Forming an Information Strategy: Part II – Situational Analysis

Forming an Information Strategy
I – General Strategy II – Situational Analysis III – Completing the Strategy

Maybe we could do with some better information, but how to go about getting it? Hmm...

This article is the second of three which address how to formulate an Information Strategy. I have written a number of other articles which touch on this subject[1] and have also spoken about the topic[2]. However I realised that I had never posted an in-depth review of this important area. This series of articles seeks to remedy this omission.

The first article, Part I – General Strategy, explored the nature of strategy, laid some foundations and presented a framework of questions which will need to be answered in order to formulate any general strategy. This chapter, Part II – Situational Analysis, explains how to adapt the first element of this general framework – The Situational Analysis – to creating an Information Strategy. In Part I, I likened formulating an Information Strategy to a journey, Part III – Completing the Strategy sees us reaching the destination by working through the rest of the general framework and showing how this can be used to produce a fully-formed Information Strategy.

As with all of my other articles, this essay is not intended as a recipe for success, a set of instructions which – if slavishly followed – will guarantee the desired outcome. Instead the reader is invited to view the following as a set of observations based on what I have learnt during a career in which the development of both Information Strategies and technology strategies in general have played a major role.
 
 
A Recap of the Strategic Framework

LCP

I closed Part I of this series by presenting a set of questions, the answers to which will facilitate the formation of any strategy. These have a geographic / journey theme and are as follows:

  1. Where are we?
  2. Where do we want to be instead and why?
  3. How do we get there, how long will it take and what will it cost?
  4. Will the trip be worth it?
  5. What else can we do along the way?

In this article I will focus on how to answer the first question, Where are we? This is the province of a Situational Analysis. I will now move on from general strategy and begin to be specific about how to develop a Situational Analysis in the context of an overall Information Strategy.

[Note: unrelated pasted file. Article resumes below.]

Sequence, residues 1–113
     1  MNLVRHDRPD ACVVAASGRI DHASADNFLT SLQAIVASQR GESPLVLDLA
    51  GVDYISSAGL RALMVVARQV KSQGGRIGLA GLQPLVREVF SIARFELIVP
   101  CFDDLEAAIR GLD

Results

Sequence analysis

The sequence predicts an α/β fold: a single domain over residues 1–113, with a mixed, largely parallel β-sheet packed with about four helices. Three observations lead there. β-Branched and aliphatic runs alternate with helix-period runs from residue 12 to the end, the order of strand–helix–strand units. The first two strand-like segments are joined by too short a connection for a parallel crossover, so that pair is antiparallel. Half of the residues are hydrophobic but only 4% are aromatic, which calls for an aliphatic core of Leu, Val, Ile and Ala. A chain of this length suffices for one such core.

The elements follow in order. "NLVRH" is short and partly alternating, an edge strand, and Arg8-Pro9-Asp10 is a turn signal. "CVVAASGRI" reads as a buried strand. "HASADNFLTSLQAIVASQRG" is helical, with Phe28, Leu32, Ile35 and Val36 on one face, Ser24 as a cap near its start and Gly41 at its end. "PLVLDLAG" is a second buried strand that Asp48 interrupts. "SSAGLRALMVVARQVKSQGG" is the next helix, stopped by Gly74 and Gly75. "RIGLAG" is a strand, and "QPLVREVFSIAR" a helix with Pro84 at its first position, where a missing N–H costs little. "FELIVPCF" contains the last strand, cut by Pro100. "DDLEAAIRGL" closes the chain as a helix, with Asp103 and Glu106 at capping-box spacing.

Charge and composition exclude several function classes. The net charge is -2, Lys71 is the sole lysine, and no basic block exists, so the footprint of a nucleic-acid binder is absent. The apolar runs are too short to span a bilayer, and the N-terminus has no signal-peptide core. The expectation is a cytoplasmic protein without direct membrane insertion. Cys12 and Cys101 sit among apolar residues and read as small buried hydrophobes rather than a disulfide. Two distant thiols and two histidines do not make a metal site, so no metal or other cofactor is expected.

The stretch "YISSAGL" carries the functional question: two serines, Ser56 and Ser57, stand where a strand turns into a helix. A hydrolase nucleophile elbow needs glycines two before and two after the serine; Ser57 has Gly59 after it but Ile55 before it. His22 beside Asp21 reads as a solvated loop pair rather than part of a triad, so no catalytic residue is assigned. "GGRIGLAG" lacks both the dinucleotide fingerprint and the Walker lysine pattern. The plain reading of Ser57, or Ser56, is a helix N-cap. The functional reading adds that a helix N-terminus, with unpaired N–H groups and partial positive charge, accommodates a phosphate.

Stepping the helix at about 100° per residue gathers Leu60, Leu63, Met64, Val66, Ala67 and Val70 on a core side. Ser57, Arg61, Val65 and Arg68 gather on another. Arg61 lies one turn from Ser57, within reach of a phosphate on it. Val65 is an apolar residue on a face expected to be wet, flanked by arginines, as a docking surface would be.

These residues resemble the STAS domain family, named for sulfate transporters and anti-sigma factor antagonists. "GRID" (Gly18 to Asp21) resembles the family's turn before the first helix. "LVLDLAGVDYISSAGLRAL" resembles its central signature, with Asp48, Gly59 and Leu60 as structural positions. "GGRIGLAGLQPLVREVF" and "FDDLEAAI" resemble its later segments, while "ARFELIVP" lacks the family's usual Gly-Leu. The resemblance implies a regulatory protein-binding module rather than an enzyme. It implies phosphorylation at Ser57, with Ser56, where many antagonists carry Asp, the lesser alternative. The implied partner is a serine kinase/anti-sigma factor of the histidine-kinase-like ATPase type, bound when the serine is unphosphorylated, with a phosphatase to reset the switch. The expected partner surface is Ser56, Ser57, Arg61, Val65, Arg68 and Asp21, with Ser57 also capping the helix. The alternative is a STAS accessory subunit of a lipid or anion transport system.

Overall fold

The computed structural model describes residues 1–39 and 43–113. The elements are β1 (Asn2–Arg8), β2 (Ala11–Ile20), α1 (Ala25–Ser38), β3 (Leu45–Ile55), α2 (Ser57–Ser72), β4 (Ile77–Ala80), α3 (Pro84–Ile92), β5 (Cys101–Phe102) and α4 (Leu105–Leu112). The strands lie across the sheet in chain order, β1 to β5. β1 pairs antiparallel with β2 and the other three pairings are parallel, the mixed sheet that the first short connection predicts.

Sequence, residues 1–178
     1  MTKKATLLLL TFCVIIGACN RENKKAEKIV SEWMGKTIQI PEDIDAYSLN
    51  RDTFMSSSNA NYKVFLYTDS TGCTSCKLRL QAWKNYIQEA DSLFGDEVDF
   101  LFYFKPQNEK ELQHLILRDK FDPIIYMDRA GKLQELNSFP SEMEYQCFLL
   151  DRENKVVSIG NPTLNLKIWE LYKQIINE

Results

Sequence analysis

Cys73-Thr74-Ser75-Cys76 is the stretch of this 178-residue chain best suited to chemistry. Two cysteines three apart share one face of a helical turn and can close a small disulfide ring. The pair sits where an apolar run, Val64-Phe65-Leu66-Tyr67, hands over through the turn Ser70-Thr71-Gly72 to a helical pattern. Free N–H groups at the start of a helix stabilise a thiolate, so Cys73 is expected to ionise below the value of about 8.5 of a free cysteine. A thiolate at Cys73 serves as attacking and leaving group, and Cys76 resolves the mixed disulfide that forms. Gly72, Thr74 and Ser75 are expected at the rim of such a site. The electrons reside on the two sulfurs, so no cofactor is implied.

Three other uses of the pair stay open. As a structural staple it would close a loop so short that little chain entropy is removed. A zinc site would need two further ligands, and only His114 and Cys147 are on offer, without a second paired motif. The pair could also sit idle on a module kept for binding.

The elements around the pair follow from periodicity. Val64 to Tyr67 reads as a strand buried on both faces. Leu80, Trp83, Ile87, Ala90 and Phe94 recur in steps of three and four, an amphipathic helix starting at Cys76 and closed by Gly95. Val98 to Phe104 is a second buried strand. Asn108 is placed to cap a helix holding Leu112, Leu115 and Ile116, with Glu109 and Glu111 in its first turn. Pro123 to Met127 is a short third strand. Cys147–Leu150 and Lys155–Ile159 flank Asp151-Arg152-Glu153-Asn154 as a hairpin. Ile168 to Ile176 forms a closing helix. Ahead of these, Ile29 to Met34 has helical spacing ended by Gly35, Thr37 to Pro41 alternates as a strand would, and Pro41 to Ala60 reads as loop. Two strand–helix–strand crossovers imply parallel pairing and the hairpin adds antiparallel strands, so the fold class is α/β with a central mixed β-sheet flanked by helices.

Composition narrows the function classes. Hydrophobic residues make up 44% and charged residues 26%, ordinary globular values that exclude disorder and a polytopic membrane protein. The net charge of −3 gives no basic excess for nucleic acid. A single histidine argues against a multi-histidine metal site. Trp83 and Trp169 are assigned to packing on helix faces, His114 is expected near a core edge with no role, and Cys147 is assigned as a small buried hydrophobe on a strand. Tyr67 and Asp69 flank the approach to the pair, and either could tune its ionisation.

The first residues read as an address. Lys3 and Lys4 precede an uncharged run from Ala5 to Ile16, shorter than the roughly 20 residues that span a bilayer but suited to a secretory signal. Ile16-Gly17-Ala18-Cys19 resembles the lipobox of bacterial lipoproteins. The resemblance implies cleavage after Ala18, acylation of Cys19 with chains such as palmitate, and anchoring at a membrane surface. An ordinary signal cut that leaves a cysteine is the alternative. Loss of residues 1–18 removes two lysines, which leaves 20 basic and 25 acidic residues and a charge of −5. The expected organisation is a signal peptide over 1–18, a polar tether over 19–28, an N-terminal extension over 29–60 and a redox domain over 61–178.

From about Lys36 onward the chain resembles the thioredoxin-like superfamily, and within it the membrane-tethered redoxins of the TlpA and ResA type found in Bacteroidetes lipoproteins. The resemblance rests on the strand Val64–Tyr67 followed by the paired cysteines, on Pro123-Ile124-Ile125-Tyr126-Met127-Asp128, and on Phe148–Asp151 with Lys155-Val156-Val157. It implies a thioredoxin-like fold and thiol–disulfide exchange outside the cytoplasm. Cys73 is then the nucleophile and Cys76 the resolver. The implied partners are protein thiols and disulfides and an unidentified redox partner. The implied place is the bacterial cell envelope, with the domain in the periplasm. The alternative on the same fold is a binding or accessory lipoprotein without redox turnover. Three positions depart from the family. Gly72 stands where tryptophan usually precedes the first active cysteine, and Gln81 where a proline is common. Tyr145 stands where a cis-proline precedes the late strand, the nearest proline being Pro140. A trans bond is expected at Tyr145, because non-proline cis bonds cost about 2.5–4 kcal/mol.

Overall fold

But first a caveat: if the last article was prose-heavy, this one is question-heavy; the reader is warned!
 
 
Where are we? The anatomy of an Information Strategy’s Situational Analysis

The unfashionable end of the western spiral arm of the Galaxy

If we take this question and, instead of aiming to plot our celestial coordinates, look to consider what it would mean in the context of an Information Strategy, then a number of further questions arise. Here are just a few examples of the types of questions that the strategist should investigate, broken down into five areas:

Business-focussed questions

  • What do business people use current information to do?
  • In their opinion, is current information adequate for this task and if not in what ways is it inadequate?
  • Are there any things that business people would like to do with information, but where the figures don’t exist or are not easily accessible?
  • How reliable and trusted is existing information, is it complete, accurate and suitably up-to-date?
  • If there are gaps in information provision, what are these and what is the impact of missing data?
  • How consistent is information provision, are business entities and calculated figures ambiguously labeled and can you get different answers to the same question in different places?
  • Is existing information available at the level that different people need, e.g. by department, country, customer, team or at at a transactional level?
  • Are there areas where business people believe that data is available, but no facilities exist to access this?
  • What is the extent of End User Computing, is this at an appropriate level and, if not, is poor information provision a driver for work in this area?
  • Related to this, are the needs of analytical staff catered for, or are information facilities targeted mostly at management reporting only?
  • How easy do business people view it as being to get changes made to information facilities, or to get access to the sort of ad hoc data sets necessary to support many business processes?